Buddhism Guide Crisis Resource

Listed below are videos, podcasts and guided meditations that have been taken from Buddhism Guide archive. They have been specially selected to help you during difficult and challenging times.

Coronavirus: Coping Mindfully

The Coronavirus is making many of us work from home or self-isolate. This can cause mental health issues and even lower our immune system. In this video Yeshe Rabgye introduces various mindful meditation practices that will help you deal with anxiety and a sense of panic. View the video here.

Guided meditation to reduce coronavirus fear and anxiety

The world is going through a very challenging time, due to the Coronavirus. Many people are becoming sick and having to isolate. This is causing huge amounts of fear, anxiety and panic. All of these ultimately stem from our minds. It is not possible to control the spread of the virus, but it is possible to control our minds and the way we respond to it. This guided meditation will help you deal with your thoughts of fear, anxiety and panic by showing you they are just thoughts and so we can learn to let them go. View the video here.

Let’s practice together through the crisis: Livestream #1 Breathing Awareness Guided Meditation

This video was recorded live and Yeshe Rabgye leads you through a guided meditation on breathing awareness. View the video here.

Let’s practice together through the crisis: Livestream #2 Compassion Meditation

This video was recorded live and Yeshe Rabgye leads you through a guided meditation on compassion and explains the importance of such a meditation during these difficult times. View the video here.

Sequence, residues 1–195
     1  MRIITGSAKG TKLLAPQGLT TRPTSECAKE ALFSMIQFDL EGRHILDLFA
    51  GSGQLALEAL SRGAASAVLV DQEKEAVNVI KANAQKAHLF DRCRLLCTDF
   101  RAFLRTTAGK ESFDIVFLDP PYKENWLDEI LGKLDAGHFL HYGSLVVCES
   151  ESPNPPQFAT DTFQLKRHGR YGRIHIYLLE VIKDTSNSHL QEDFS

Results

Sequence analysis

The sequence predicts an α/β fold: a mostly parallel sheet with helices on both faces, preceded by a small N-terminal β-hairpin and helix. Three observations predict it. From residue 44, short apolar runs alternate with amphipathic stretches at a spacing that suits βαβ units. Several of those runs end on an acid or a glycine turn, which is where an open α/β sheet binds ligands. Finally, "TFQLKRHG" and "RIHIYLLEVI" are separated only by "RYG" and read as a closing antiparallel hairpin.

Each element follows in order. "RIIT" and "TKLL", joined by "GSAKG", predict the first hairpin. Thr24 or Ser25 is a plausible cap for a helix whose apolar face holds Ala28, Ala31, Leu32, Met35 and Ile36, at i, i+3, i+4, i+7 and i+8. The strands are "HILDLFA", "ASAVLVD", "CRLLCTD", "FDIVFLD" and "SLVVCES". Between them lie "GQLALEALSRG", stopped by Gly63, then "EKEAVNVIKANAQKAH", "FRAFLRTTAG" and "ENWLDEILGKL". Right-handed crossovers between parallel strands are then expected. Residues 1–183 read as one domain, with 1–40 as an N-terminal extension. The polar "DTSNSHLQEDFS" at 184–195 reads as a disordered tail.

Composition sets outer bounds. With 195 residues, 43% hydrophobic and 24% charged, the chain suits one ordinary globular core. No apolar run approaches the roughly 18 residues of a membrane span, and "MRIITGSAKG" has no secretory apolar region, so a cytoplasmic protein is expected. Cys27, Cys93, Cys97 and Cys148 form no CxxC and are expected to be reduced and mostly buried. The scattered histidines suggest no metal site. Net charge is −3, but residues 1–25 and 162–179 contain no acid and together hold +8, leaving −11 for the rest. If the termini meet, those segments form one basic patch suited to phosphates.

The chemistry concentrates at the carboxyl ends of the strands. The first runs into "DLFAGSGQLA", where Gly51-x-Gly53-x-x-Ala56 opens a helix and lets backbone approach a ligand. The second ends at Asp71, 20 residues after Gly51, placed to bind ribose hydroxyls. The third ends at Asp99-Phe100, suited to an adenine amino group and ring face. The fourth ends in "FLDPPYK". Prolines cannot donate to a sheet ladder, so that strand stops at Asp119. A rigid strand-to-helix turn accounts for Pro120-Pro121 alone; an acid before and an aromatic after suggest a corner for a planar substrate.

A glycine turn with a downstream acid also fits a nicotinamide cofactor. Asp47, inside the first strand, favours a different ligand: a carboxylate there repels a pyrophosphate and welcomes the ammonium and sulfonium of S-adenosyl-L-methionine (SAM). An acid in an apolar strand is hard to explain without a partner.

Let’s practice together through the crisis: Livestream #3 Forgiveness Meditation

This video was recorded live and Yeshe Rabgye leads you through a guided meditation on forgiveness for you and others. He also explains that forgiveness is to help ourselves let go and move on. View the video here.

Guided Meditation to release stress, anxiety and obsessive thoughts

Whenever you blindly follow each and every thought that arises it is easy to become stressed, anxious or even obsessive. This beautifully crafted meditation gently guides you through a process of seeing your thoughts like a flowing river. By letting your thoughts come and go naturally you are able to simply observe the thoughts and not get tangled up in them. This takes the pressure off of your mind and allows you to relax and untangle from obsessive thoughts. View the video here.

Guided Meditation – Letting go of anxiety

This is a mindful body scan meditation. It will gently guide you through different parts of your body. If you are feeling anxious, overwhelmed, stressed or are over-thinking it will help you let go and refocus. View the video here.